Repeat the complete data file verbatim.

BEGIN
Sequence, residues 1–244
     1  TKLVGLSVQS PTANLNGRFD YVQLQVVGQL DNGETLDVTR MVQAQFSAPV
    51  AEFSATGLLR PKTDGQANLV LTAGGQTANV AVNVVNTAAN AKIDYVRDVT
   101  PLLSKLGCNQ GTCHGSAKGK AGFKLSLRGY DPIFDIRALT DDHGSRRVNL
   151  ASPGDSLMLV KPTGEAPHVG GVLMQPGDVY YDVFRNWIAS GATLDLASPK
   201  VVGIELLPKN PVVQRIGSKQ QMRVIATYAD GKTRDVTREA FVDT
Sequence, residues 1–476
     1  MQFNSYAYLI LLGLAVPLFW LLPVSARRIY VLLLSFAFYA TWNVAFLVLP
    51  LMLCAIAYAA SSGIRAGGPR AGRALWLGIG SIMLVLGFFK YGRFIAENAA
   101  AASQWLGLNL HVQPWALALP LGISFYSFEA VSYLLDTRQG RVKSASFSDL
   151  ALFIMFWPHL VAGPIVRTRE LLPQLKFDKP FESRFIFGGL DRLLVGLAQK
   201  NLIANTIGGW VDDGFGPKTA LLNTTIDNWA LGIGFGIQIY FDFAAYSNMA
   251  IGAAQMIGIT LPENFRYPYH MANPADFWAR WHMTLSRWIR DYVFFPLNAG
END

Sequence, residues 1–244
     1  TKLVGLSVQS PTANLNGRFD YVQLQVVGQL DNGETLDVTR MVQAQFSAPV
    51  AEFSATGLLR PKTDGQANLV LTAGGQTANV AVNVVNTAAN AKIDYVRDVT
   101  PLLSKLGCNQ GTCHGSAKGK AGFKLSLRGY DPIFDIRALT DDHGSRRVNL
   151  ASPGDSLMLV KPTGEAPHVG GVLMQPGDVY YDVFRNWIAS GATLDLASPK
   201  VVGIELLPKN PVVQRIGSKQ QMRVIATYAD GKTRDVTREA FVDT
Sequence, residues 1–476
     1  MQFNSYAYLI LLGLAVPLFW LLPVSARRIY VLLLSFAFYA TWNVAFLVLP
    51  LMLCAIAYAA SSGIRAGGPR AGRALWLGIG SIMLVLGFFK YGRFIAENAA
   101  AASQWLGLNL HVQPWALALP LGISFYSFEA VSYLLDTRQG RVKSASFSDL
   151  ALFIMFWPHL VAGPIVRTRE LLPQLKFDKP FESRFIFGGL DRLLVGLAQK
   201  NLIANTIGGW VDDGFGPKTA LLNTTIDNWA LGIGFGIQIY FDFAAYSNMA
   251  IGAAQMIGIT LPENFRYPYH MANPADFWAR WHMTLSRWIR DYVFFPLNAG